The cousin will add, “That’s just a communist regime, that’s the problem. Ceausescu is just a form. Even if you had money, you didn’t have anything to buy with it.” 

The shortages extended past meat, cooking oil (1 liter per household per month), and sugar (1 kg per person per month), to necessities like running water and electricity. 

Mama mare will say, “At any moment, we would have no gas, no light, no elevator, we go on the stairs with a candle or lantern, if we had. And we couldn’t cook a piece of meat, couldn’t make tea, nothing. Once a day, we took the bath in the same basin, [my husband] and me, in the same water because we had to catch it while it was there.”

Tata will recall having to study for University by candlelight. At the time, his cousin was a freshman university student and wanted to visit West Germany. He was taken aside by 2 Securitate officers (secret police) and beaten bloody, and told he would be beaten up again if he persisted with his application. A visit to West Germany could instill radical ideas in him, including thoughts of democracy. You can criticize your government all you want, but you must at least acknowledge that your right to do so is not a ubiquitous privilege. There is no secret police force in this country that took you aside for going on Marxist tangents in history class. Yes, I know that you’ll say our police force and justice system are extremely flawed. You’re not wrong, but stop trying to get me off topic.

You will ask how the regime ended. Tata will say, “[Ceausescu] got shot. ‘89, December 25th. Christmas Day. And it was another communist that shot him. And this guy pretended he was a big democrat.” 

His cousin will say in Romanian, “Yeah, he was a democrat of the Russians.”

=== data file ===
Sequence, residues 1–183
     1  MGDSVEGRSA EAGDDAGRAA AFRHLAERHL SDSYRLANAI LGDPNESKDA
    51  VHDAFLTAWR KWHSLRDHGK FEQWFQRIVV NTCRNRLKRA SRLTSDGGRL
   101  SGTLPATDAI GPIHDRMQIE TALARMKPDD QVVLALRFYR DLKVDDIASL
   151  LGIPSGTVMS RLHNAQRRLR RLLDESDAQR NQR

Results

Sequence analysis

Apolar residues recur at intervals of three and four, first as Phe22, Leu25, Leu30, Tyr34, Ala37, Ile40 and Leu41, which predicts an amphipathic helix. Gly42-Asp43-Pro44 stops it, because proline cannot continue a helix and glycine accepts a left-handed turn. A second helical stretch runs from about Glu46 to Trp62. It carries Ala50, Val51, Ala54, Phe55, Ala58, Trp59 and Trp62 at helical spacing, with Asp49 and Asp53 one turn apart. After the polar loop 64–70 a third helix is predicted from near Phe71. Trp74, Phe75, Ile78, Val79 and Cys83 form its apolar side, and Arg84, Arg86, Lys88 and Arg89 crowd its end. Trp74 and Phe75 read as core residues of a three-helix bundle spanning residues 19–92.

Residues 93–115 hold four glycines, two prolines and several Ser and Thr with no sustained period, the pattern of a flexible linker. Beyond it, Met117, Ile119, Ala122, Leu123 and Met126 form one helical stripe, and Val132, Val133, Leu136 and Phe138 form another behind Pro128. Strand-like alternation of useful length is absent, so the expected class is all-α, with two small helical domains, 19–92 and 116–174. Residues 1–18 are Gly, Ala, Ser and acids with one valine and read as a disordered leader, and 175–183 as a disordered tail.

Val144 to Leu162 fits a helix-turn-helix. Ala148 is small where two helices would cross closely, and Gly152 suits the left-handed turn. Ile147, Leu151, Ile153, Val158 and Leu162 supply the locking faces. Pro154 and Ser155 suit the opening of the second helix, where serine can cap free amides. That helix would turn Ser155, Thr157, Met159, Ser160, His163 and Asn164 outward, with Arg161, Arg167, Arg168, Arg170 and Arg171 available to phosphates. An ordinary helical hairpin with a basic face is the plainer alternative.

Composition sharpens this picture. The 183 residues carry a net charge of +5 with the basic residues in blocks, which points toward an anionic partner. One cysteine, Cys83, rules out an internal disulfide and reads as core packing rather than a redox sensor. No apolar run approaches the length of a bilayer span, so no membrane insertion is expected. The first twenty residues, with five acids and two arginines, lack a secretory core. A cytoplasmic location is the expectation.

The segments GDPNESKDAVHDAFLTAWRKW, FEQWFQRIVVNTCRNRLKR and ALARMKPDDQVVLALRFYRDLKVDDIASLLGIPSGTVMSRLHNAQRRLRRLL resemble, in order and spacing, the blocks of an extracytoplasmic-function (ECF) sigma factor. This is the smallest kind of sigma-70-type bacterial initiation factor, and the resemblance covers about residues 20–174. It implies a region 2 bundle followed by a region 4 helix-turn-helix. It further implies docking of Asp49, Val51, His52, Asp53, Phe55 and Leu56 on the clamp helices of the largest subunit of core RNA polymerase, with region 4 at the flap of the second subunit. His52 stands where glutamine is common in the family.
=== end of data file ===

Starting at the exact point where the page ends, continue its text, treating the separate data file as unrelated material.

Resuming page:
You will be rusty on your Romanian history, and your father can tell, disappointedly, by the look on your face. So, he will explain, “It was Iliescu, the guy who brought the miners, that, you know, scratched my back a little bit. Back in 1990. Didn’t I tell you about Iliescu and the miners coming in Bucharest taking the university from students? It was my 5th year at the University of Bucharest. Why? Because comrade Iliescu told them to [mockingly] ‘eliminate the golani [hooligans, rascals].’” He will laugh.

His cousin will say, “He started talking like Trump.” Your grandmother will agree. I know you’ll find this worrying. You’re right in doing so.

The event to which they were referring was the June 1990 Mineriad, and the protests that led to it. After the death of Ceausescu, the National Salvation Front was set to hold Romania’s first free elections in May. The University of Bucharest had been declared a “zone free of communism,” and university students demanded that former Communist leaders be banned from running for office. The elected president Iliescu called participants “golani.” Then, on June 13-15, the remaining participants were arrested, and Iliescu brought miners to beat up the students and occupy the square. 

      Your father went almost daily to the square to protest. On June 15, he went to hand in his senior thesis. A group of miners approached him, asked to see his ID, and struck him with a baseball bat on his back. 

      This action wasn’t secretive, like the assault on Marius, or indirect, like the various rations. This was a deliberate act of uncalled for violence toward peaceful protesters condoned by authority. The president clearly endorsed the working class over the academics and initiated class warfare. I’m not giving you any more spoilers, but read this letter again after August 11, 2017. Sometimes, there is blame on both sides. This was not one of those times. 

To be honest, I don’t know myself, you, well enough to gauge your reaction to this letter. However, I needed to tell you everything I heard that one summer night because since then, I have accepted that our political and economic system is the best among evils. Let me be clear, I don’t want you to give up. I know you are enraged by the many inequities in our society. I want you to be part of their solution. I just need you to understand that such a solution does not involve radically tearing down the government and forcing the elimination of social classes. The solution is not, and never will be, communism. On that summer night in Romania, you will ask your father’s cousin, “What was the scariest part of the regime?” He will respond solemnly, “All of it.”

1 Translates literally to “cutlery”

Adina Cazacu-De Luca is a senior in high school from St. Louis, Missouri. She writes mostly creative nonfiction, and her work has been featured before in the National Scholastic Writing Award Online Galleries. She’s the editor-in-chief of her school’s literary journal, and enjoys playing the piano, reading, and watching documentaries in her free time. In the future, she hopes to pursue epidemiology.